Anybody who, within their company, has already or, intends to set up the following types of projects:
Forestry and Agricultural Projects
Energy Projects: -Energy efficiency and renewable energies – Co-generation
Waste Management Projects
What are the benefits of the credits?
In addition to the economic and environmental benefits, there are social benefits, such as jobs created locally or deepening a culture of conservation and care of the environment in the community where these projects are carried out
Environmental pollution l is a problem caused by the presence in the atmosphere of gases which are harmful to living things. Knowing what these polluting gases are is essential to preventing their appearance.
Gaseous pollutants are elements that in high concentrations in the atmosphere cause risks and problems for the environment and for living beings.
Some of the mechanisms that cause these polluting gases are of natural origin such as volcanoes, but the problem arises in industrial processes involving the combustion of fossil fuels or the excessive use of road transport, among others.
Among the most common polluting gases are:
Carbon monoxide (CO)
Carbon dioxide (CO2)
Nitrogen oxide (NOx)
Sulfur dioxide (SO2)
Presence of these gases around the world
The United Nations Secretariat on Climate Change (UNFCCC) and Google have created a world map with emissions generated in major industrialized countries.
The data, collected since 1990, can be observed by sector and compared both by country and by category.
The data of this world map allows the countries to be ordered according to their total emission data in relation to the base year 2009 and to identify with colors the trend towards an increase in or a reduction of this concept.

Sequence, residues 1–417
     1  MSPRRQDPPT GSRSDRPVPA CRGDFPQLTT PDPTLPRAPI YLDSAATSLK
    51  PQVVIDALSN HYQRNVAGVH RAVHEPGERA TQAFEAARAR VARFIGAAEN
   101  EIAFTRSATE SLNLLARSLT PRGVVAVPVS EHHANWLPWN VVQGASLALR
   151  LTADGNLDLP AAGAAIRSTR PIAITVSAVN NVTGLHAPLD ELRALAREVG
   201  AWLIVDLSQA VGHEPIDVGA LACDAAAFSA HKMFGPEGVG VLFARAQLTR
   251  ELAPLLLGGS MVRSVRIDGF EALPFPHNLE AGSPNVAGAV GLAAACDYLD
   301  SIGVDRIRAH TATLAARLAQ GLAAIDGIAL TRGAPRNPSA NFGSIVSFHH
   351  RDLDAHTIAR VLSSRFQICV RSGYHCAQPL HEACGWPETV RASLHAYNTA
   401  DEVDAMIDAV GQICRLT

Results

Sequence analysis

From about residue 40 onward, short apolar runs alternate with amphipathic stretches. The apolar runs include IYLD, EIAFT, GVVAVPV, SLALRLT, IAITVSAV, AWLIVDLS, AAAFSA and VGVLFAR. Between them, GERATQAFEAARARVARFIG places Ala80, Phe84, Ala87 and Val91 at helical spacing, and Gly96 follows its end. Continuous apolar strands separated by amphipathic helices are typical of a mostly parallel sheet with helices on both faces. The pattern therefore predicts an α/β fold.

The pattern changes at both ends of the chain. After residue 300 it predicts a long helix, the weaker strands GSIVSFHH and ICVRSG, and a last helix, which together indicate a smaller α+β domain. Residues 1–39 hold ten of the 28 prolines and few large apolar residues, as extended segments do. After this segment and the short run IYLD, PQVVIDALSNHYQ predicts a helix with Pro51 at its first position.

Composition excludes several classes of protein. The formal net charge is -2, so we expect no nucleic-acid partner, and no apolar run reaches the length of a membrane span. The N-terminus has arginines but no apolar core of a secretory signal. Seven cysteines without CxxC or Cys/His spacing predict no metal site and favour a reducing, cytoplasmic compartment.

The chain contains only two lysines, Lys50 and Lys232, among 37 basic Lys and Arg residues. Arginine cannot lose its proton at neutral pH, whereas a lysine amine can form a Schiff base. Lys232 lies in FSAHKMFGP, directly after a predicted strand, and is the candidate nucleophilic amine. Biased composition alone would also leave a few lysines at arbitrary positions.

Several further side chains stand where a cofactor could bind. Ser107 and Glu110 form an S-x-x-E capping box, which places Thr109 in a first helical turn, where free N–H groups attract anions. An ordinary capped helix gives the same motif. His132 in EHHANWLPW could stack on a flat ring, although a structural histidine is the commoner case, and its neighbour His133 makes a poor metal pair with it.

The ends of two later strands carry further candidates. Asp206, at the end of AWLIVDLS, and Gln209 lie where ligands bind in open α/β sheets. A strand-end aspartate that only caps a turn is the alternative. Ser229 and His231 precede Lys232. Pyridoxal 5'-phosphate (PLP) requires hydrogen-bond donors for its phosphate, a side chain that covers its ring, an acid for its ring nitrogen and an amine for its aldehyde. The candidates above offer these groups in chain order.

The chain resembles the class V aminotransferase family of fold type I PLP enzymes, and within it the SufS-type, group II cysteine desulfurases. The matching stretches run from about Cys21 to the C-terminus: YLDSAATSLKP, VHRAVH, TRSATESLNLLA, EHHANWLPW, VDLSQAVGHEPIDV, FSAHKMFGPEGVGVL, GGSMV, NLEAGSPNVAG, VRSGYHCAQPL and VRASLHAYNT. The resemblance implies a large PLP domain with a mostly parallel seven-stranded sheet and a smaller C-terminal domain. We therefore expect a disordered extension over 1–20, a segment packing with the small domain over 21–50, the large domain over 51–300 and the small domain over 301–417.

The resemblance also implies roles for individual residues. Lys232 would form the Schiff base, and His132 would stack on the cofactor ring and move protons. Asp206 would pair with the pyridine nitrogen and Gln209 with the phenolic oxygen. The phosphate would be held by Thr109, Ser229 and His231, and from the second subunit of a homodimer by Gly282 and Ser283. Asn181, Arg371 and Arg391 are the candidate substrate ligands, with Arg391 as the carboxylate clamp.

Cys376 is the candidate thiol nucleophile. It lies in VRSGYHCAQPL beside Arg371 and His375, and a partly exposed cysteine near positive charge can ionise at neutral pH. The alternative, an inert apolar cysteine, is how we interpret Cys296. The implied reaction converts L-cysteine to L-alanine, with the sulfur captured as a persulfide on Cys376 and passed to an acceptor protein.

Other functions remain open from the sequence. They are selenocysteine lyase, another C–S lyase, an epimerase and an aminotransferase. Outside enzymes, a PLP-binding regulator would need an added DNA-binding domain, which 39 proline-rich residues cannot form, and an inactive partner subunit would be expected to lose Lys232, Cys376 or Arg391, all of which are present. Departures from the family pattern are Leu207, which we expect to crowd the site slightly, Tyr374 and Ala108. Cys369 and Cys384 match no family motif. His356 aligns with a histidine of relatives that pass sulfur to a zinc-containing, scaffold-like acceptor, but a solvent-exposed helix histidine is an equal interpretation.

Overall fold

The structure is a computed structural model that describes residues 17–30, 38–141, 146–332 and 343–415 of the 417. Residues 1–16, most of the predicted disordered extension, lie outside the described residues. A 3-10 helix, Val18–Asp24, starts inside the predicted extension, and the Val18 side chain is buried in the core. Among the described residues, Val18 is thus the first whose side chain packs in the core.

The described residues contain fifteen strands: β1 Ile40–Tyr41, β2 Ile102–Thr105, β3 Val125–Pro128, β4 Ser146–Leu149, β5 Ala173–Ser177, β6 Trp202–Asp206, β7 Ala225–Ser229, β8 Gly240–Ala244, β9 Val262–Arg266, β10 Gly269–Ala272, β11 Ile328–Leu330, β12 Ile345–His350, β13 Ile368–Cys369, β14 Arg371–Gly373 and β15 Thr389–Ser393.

The result is not favorable for Spain, since it is among the 5 countries that have increased their emissions (29%), along with Turkey, Malta or Australia.
On the contrary, there are several Eastern European countries such as Estonia, Lithuania, Ukraine or Romania which are among the best positioned having managed to reduce emissions by more than 50%.
Studies by T & E show that three-quarters of freight is transported by road, and although only 3% of the vehicles are trucks, they account for 25% of CO2 emissions in Europe.
In the last 20 years, the efficiency of truck consumption has not been improved, and, in addition, trucks are related to 15% fatal accidents.
This is because the current European law 96/53 limits the size of the cabin of these vehicles.
In recent years, the environmental impact of road transport has been the subject of extensive studies by the European Commission, which have recently culminated in the publication of the Clean Fuels Strategy.
This document proposes an ambitious package of measures aimed at reducing greenhouse gas (GHG) and other pollutant emissions for road transport, as 94.8% of consumption is based on oil products and in recent years it has been the sector that has contributed the most to increasing pollutant emissions * in Europe
Spain is no stranger to this situation. Road transport accounts for 32% of the total final energy consumed in Spain and, despite the growing presence of biofuels in recent years, petroleum products still account for more than 80% of energy used in road transport consumption and accounts for 22.4% of total GHG emissions in Spain.
In addition, the limited presence of other modes of freight transport has led to an increase in fuel consumption linked to economic activity.
* The various atmospheric pollutants linked to exhaust emissions in road transport, considering such pollutant indicators as; abundant presence and having known effects on health and the environment.